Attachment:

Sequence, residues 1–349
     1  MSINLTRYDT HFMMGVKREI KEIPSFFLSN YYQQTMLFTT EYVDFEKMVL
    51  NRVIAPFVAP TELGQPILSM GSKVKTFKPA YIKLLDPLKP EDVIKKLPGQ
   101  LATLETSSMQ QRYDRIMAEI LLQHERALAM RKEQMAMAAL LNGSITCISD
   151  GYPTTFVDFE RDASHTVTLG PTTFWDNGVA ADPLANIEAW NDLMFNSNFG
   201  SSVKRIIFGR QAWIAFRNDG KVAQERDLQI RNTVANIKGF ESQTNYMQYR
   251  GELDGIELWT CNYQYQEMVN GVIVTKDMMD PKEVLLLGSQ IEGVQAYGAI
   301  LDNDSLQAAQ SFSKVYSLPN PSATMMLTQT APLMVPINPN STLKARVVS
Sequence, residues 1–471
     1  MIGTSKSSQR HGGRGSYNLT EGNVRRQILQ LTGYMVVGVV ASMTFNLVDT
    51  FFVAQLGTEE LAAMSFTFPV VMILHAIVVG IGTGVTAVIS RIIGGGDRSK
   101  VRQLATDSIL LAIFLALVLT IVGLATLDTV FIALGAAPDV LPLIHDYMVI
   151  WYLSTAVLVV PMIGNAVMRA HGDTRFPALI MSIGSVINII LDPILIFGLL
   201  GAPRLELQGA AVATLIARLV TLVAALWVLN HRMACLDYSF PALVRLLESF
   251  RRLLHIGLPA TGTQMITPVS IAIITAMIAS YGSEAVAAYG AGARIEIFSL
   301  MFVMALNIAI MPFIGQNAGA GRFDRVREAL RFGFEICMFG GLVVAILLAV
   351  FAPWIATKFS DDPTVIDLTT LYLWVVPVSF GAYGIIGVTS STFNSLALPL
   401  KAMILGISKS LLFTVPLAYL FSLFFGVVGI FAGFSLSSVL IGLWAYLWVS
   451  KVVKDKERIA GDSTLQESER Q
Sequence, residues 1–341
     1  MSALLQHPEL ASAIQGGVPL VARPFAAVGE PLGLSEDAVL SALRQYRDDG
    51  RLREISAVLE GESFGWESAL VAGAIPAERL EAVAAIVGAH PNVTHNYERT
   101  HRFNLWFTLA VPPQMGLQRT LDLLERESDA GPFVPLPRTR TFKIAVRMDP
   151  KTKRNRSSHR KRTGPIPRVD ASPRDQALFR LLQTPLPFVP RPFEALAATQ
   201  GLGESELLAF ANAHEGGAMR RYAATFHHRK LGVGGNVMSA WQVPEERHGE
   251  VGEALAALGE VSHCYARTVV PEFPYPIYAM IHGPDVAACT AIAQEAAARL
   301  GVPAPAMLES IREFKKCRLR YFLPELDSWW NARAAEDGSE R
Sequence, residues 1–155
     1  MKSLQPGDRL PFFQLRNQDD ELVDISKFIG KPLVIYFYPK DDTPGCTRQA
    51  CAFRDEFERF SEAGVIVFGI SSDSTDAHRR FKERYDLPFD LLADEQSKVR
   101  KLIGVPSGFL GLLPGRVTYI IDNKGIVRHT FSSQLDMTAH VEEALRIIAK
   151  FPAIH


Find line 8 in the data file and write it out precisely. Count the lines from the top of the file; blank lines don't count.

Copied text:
   301  LDNDSLQAAQ SFSKVYSLPN PSATMMLTQT APLMVPINPN STLKARVVS